“The sharks eat you up because that’s their world,” he said to more applause. “I know you and I dive in and out of social media and all that stuff, so every now and then when we jump in, we get bit. You can’t defend sin. You’ve got to defer to your savior. The same Jesus I preach to you every Sunday.

“You defer to him. Because when you love somebody, it’s tempting to jump out there. My baby brother’s here, sitting on the end there. I have to keep him from shooting people, because he ain’t all the way saved yet. (I have to) talk him down.”

At the end of the address, the congregation stood and applauded Simmons for several minutes.

Simmons often posts inspirational messages to his Facebook page, where he posted an image the day of the Jan. 17 incident that advised his church members not to let problems paralyze their progress in life.

Be Inspired...Posted by O Jermaine Simmons on Tuesday, January 17, 2017

Earlier this month, he posted about using time wisely to make dreams come true.

Monday Inspirationojermainesimmons.com#dreambig#makeithappenPosted by O Jermaine Simmons on Monday, January 9, 2017

Simmons' sex scandal occurred during a weeklong celebration of his 11th anniversary as pastor of Jacob Chapel. The celebration included a Jan. 20 book signing for Simmons’ first book, “I Need a Man.” 

The book is described on Simmons’ personal website as offering “a fresh perspective on the issues of godly manhood and mentoring.” It was published through Certa Publishing, a Christian partner publishing company. 

Muslim man receives heartwarming note from neighbors after Trump's inauguration

A heartfelt letter left on the door of a Muslim man's Ohio home after President Donald Trump's inauguration is going viral.

>> Need something to lift your spirits? Read more uplifting news

According to WCPO, Abubaker Amri, who immigrated to the United States from Libya nearly 40 years ago, was concerned about some of Trump's comments on the campaign trail. But on Friday, a surprising letter note from his neighbors in Cincinnati lifted his spirits.

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"Dear Neighbors," the note read. "Today begins a new stage for our country. No matter what happens, please know there are still a lot of people who will fight for your right to practice your religion, to continue your lives without discrimination. You are welcome in our neighborhood and if you need anything – please knock on our door."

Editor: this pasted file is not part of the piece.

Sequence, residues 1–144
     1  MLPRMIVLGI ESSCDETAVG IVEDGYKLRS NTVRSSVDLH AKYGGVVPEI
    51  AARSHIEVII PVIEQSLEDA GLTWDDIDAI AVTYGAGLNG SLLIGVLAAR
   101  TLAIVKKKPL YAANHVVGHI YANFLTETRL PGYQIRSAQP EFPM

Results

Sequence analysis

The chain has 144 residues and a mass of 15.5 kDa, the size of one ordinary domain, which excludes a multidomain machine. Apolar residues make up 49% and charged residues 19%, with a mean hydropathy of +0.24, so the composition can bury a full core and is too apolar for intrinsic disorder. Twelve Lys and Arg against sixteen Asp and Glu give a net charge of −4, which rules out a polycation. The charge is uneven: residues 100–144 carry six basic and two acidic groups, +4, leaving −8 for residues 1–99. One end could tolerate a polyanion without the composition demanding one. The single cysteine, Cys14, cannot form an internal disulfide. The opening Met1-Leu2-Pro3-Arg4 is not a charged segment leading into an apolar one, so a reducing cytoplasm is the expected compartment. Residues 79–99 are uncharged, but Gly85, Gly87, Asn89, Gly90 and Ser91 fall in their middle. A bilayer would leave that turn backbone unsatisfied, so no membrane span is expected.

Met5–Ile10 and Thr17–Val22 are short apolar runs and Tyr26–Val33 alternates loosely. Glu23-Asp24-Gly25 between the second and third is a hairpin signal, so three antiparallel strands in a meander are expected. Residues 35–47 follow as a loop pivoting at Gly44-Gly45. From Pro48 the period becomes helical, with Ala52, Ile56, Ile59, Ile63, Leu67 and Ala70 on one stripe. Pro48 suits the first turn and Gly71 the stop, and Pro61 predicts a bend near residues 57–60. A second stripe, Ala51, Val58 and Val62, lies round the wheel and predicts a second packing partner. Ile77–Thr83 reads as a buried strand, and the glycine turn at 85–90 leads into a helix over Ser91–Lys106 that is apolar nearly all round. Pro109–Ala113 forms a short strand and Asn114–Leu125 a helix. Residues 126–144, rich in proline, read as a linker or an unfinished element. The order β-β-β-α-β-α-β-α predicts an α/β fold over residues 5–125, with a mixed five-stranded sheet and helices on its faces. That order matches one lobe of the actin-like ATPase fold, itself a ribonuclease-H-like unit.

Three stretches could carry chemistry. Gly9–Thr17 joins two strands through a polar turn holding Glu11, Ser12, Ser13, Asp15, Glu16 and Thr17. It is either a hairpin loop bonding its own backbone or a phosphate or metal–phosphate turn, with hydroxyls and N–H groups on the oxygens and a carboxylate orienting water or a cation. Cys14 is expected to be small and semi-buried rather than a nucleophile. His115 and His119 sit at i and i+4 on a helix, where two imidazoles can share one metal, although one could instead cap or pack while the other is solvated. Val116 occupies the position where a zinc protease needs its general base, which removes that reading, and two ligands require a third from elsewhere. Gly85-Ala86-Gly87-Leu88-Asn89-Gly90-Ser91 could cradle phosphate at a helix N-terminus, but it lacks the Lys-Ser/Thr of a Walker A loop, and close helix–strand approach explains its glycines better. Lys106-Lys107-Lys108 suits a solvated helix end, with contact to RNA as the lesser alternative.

Amri's niece, Hend Amry, shared a photo of the letter on Twitter, where it quickly went viral. Her post was retweeted more than 140,000 times and "liked" more than 415,000 times by Sunday morning.

>> See the post here

After the Trump inauguration, some neighbors left this letter on my uncle's door in Cincinnati, Ohio. pic.twitter.com/jnlXewv7ej— Hend Amry (@LibyaLiberty) January 21, 2017 <script async src="//platform.twitter.com/widgets.js" charset="utf-8"></script>

"There's no way I could express my feelings when I got that note," Amri told WCPO, calling it "the best, best, best experience."

Read more here.

Eddie Long death: Memorial service set for controversial megachurch pastor

The metro Atlanta megachurch led by Bishop Eddie L. Long has set a date for a memorial service for the controversial pastor. 

New Birth Missionary Baptist Church in Lithonia, Georgia, will hold services for Long at 11 a.m. Jan. 25, Elder Craig Heath said during an early morning international prayer call. Long died Sunday at age 63.

>> PHOTOS: Bishop Eddie Long through the years

The church had said Sunday that an email would be sent to members with further details.

Heath read from the New Birth in a statement Sunday that Long "is now spiritually healed and home with the Lord.”

>> PHOTOS: Notable deaths 2017

“Bishop Long, senior pastor of New Birth, transitioned from this life early Sunday morning after a gallant private fight with an aggressive form of cancer,” the statement said.

Leaders on the prayer call, which opened and closed with music, at times seemed emotional as they talked about how Long had always “sowed seeds” in them and in others. Heath said the service would celebrate his life, sacrifice and service.

>> Controversial Atlanta megachurch Bishop Eddie Long has died, church says

He acknowledged that members were still is the midst of working out their thoughts and feelings considering the life and legacy of Long.

Also on the call was Elder Carla Stokes and Bishop Kenneth Pearman.

>> Men who sued Eddie Long for sexual misconduct address bishop's death

Long was absent at several services during recent months but was present during Christmas and New Year’s Eve services. His last sermon was during Watch Night Services to usher in the new year.

New Birth members were told of Long’s death Sunday. Some sobbed and cried. Others prayed and leaned on those near them in support.

“Even though we don’t know the details right now, Bishop Long wouldn’t leave us in a lurch,” said longtime member Lela Brooks, a member for 29 years. “His legacy will live on. He did a lot of good and we won’t let that fade.”